Endangered Species

reef mapreef mapThere are now more than 40 species on the reef that are endangered. The two most threatened species are the dugong (sea cow) and the loggerhead turtle. The dugong population is currently just 3 percent of what it was in just and the loggerhead population has dropped by 90 percent in the same amount of time. Action must be taken immediately or these species could disappear from the Great Barrier Reef permanently.

Impact of Tourism

Over two million visitors each year travel to northern Australia to get a glimpse of the reef and all its wonder. That traffic can take a serious toll on the reef and its fragile environment. The negative affects of tourism include:

However, careful management has made sure that most of our activities don't threaten the long-term health of the ecosystem. Research has shown that tourism doesn't exert much pressure on the Great Barrier Reef because it is thinly spread over such a vast area. In addition, tourism operators have a vested interest in the health of the Reef, and act as watchdogs, alerting management authorities early if they see something going wrong. Fishing on the Reef is also carefully managed by the Great Barrier Reef Marine Park Authority and Queensland Department of Primary Industries, to ensure that it will be sustainable for many generations to come.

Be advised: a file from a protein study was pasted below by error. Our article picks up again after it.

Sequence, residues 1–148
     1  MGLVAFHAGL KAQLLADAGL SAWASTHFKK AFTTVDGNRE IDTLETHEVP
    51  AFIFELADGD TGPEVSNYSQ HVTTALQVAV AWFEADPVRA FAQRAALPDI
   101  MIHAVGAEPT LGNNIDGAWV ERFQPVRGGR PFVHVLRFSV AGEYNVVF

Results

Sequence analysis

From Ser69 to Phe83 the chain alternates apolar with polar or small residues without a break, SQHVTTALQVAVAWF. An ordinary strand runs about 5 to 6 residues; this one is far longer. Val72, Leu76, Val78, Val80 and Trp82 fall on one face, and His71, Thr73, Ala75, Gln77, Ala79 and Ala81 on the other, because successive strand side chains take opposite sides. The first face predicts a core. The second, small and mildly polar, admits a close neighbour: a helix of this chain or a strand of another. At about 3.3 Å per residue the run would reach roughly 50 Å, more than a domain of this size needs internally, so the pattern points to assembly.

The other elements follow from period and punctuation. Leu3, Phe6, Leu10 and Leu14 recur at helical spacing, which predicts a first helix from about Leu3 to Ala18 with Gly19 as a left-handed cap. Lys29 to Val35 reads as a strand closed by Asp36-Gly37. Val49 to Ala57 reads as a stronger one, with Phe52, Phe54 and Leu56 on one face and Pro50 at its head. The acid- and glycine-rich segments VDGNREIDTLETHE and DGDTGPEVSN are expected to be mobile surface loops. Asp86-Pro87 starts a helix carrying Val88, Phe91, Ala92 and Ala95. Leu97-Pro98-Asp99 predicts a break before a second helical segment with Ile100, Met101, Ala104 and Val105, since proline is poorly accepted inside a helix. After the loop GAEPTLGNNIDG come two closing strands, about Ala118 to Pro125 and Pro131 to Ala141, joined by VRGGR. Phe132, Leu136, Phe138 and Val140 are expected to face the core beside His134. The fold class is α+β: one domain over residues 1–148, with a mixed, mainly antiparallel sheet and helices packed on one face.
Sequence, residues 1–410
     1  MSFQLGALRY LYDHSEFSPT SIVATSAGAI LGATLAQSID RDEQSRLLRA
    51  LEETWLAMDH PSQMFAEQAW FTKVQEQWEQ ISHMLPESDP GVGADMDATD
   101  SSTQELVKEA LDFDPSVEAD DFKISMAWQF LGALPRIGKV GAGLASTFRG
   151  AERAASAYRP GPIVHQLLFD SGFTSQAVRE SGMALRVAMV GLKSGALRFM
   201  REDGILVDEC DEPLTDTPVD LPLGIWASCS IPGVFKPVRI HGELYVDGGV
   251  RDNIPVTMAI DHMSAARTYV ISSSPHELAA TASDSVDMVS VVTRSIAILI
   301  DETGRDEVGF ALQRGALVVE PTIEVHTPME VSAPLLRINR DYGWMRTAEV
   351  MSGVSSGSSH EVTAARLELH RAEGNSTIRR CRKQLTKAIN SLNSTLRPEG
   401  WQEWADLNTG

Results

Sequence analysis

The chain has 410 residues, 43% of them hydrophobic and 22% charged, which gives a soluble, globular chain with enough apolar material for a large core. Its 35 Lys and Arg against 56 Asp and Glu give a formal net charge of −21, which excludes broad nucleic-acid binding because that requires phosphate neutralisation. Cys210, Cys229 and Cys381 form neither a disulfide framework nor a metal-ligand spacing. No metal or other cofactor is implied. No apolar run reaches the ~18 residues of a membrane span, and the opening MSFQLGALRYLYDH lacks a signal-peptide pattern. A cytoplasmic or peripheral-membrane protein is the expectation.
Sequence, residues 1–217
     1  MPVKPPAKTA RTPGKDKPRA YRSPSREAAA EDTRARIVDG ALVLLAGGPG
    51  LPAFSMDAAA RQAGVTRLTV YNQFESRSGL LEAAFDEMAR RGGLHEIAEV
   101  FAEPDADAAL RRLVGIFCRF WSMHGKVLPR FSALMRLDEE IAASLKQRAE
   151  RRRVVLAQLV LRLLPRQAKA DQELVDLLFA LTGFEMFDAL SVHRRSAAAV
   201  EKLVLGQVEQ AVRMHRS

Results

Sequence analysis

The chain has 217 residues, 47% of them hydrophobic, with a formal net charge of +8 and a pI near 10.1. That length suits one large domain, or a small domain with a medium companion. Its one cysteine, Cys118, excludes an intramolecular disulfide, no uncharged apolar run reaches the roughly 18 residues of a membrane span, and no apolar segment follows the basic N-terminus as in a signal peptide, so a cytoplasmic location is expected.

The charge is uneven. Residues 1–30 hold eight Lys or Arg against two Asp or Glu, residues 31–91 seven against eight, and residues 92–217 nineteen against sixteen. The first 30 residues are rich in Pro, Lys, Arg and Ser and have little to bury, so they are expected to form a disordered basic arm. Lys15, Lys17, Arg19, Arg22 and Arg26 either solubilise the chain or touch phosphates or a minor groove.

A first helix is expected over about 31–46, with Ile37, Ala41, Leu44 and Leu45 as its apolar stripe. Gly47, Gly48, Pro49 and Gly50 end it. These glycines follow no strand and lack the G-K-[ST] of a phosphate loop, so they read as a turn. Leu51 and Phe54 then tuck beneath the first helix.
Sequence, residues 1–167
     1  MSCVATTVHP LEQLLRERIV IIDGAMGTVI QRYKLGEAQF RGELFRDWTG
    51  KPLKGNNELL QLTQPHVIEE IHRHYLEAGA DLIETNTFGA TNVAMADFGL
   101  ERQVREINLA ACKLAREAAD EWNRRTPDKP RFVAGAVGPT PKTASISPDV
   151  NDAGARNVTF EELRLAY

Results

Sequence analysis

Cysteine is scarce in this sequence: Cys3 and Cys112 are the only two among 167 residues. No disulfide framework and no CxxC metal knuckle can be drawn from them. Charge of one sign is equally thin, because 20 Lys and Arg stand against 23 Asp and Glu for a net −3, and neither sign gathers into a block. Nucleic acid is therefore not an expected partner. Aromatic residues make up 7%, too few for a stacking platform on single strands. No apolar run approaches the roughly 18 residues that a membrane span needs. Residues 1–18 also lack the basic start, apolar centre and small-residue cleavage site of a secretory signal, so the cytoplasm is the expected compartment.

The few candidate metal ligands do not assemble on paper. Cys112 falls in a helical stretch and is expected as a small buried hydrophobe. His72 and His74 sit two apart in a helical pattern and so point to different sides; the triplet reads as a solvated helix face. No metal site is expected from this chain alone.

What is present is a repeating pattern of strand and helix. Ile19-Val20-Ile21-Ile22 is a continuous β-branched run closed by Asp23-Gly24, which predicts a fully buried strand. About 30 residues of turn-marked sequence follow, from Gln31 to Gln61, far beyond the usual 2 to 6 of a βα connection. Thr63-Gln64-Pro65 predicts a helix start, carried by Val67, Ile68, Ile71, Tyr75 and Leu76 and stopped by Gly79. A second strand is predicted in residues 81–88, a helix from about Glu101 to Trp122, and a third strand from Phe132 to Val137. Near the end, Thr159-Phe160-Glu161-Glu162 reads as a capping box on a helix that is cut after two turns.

The True Threat

Ironically, the biggest threats to the reef does not come from visitor activities but rather from human activities on land. Water runoff and quality issues constantly threaten to change the make-up of the water around the reef and to affect the balance of life. Climate change and global warming have the potential to warm the waters around the reef which could lead to coral bleaching and the death of coral.

Water Quality and Run-off

Sediments and nutrients, fertilizers, pesticides, toxic chemicals, sewage, rubbish, detergents, heavy metals and oil run into rivers and out to the Great Barrier Reef lagoon, where they can threaten plants and animals on the Reef. Land users and governments are now working together to improve the quality of water as part of the Reef Water Quality Protection Plan.

Climate Change

reef mapThe Earth is getting warmer, and is now higher than it has been for 2000 years. A large body of research suggests that this is due to greenhouse gases being released into the atmosphere by human activities such as burning fossil fuels and deforestation. Even small changes in temperature can have a devastating effect on the natural environment. Sea temperature rises of just 1 or 2 degrees celsius can cause coral bleaching and death on a worldwide scale.

The Great Barrier Reef Outlook Report 2009 identified climate change as one of the greatest threats to the long-term health of the Great Barrier Reef. Climate change may effect the Reef in a number of ways, including: